VOIP Signaling

  • H323. – ITU Standard that uses a whole mess of RFCs; distributed model
  • Media Gateway Control Protocol (MGCP) – IETF RFC 3435; centralized model
  • Session Initiation Protocol (SIP) – IETF standard; distributed model

Phone Call Stages

  • Call setup – connects the call between the endpoints
    • Call routing – figures out where the call is going
    • CAC (optional) – Do you have enough resources (i.e., an available channel or bandwidth) to make the call?
    • Call negotiation – negotiates the source and destination IPs, source and destination UDP ports, and codec.
  • Call maintenance – collects call statistics for on-demand or historical use
  • Call teardown – hanging up and terminating the connection

Digitizing Analog Signals

  • Sampling – Periodic capturing and recording of voice resulting in a pulse amplitude modulation (PAM) signal
  • Quantization – Assigning numerical values to the PAM signal
  • Encoding – Converting the quantization to binary
  • Compression (optional) – compressing the binary stream
  • Pulse code modulation (PCM) converts analog to digital, but it doesn’t use compression.  It takes 8000 samples per second and converts each sample to an 8-bit number, giving 64kbps of capacity.

Digital to Analog

  • Decompression (optional)
  • Decoding and filtering – binary is converted back to a PAM signal; filtering removes any noise from the conversion
  • Reconstructing the analog signal

The Nyquist Theorem

  • The number of samples required to accurately encode (and decode) a signal is twice the highest frequency of the signal.
  • Since telephone lines can only transmit up to 3400 Hz (4000 Hz for simplicity), the sample rate should be 8000 samples/second.

Measuring Compression Qualities

  • Mean opinion score (MOS) – ITU standard technique for measuring quality of codec; subjective score from 1 to 5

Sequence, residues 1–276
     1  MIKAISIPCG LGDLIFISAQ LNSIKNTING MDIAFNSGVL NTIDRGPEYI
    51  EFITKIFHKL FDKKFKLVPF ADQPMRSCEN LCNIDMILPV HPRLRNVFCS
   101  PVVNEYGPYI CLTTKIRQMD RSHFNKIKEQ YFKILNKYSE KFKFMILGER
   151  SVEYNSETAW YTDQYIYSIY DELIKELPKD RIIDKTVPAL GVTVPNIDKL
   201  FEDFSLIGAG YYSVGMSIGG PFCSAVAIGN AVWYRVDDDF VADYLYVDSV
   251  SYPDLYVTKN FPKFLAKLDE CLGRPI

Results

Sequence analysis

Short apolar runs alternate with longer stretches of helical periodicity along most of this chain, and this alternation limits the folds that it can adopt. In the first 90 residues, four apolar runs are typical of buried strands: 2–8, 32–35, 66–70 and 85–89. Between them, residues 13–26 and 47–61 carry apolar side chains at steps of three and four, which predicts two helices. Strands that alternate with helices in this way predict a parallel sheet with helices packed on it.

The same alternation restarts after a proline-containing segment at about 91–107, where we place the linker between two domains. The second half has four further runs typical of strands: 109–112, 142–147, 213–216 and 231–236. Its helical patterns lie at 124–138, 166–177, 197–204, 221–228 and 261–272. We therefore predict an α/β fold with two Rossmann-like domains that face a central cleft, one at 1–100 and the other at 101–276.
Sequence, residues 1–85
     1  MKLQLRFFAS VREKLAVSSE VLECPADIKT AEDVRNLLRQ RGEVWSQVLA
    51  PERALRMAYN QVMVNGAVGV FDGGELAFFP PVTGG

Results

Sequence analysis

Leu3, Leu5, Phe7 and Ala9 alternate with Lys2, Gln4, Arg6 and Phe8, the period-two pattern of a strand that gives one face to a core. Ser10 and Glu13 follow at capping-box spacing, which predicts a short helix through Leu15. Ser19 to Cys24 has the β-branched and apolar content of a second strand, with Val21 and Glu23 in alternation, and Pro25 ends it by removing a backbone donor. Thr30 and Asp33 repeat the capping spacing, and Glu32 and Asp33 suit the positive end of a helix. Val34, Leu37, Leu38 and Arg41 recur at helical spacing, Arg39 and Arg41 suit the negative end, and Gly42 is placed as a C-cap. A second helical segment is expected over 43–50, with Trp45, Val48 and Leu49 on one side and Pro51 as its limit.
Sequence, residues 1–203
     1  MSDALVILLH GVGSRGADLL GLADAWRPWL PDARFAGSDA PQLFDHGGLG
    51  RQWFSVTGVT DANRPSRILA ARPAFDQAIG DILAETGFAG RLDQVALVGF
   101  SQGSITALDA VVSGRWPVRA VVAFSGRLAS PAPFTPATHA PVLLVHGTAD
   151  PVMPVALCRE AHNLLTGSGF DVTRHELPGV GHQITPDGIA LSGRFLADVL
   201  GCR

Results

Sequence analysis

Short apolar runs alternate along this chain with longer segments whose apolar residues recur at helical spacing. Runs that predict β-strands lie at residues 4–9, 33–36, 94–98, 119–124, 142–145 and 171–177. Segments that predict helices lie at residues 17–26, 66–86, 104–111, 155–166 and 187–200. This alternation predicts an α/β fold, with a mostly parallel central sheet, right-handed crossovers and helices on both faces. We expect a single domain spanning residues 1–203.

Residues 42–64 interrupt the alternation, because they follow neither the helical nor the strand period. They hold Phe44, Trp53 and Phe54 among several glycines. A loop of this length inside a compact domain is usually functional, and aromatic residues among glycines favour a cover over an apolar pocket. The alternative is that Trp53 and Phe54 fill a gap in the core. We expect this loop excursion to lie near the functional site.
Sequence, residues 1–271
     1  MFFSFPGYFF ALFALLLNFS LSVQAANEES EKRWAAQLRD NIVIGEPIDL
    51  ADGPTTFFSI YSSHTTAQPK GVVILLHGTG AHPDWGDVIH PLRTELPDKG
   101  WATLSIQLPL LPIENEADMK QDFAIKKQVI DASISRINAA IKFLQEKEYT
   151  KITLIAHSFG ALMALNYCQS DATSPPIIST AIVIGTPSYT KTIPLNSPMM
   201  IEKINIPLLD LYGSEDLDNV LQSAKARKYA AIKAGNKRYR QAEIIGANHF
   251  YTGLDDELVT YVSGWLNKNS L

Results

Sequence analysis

• Perceptual speech quality measurement (PSQM) – Another ITU standard technique for measuring quality of codec; test equipment score from 0. to 6.5
  • Perceptual analysis measurement system (PAMS) – Developed by BT; predictive system
  • Perceptual evaluation of speech quality (PESQ) – Another ITU standard; combines PSQM and PAMS; objective measurement of factors including subjective values

Digital Signal Processors (DSPs)

  • Provide 3 major services – voice termination, transcoding, conferencing
  • Also performs compression (codec), echo cancellation, voice activity detection (VAD), comfort noise generation (CNG), and jitter handling
  • Conferencing among participants with the same codec is called a single-mode conference.
  • Conferencing among participants with different codecs is called a mixed-mode conference.

Protocols

  • VOIP calls run over Real Time Protocol (RTP).
  • RTP provides sequence reordering, time-stamping, and multiplexing
  • Rides on UDP ports 16384-32767
  • Voice does not need the reliability (retransmission) of TCP since retransmitted data is no longer useful (I already said that).
  • VOIP packets headers:
    • IP – 20 bytes
    • UDP – 8 bytes
    • RTP – 12 bytes
    • L2 headers vary depending on technology (Ethernet = 12 bytes, MPLS, etc.)
  • 2 10-ms packages are usually in one packet (20ms of voice)
  • G.711 (64kbps) produces 160 bytes from 20 ms of voice.
  • G.729 (8kbps) produces 20 bytes from 20 ms of voice.

cRTP

  • Compressed RTP (cRTP) reduces the headers
  • After the first packet lands, the IP, UDP, and RTP headers won’t change, so why send them again?
  • The headers are reduced to a hash.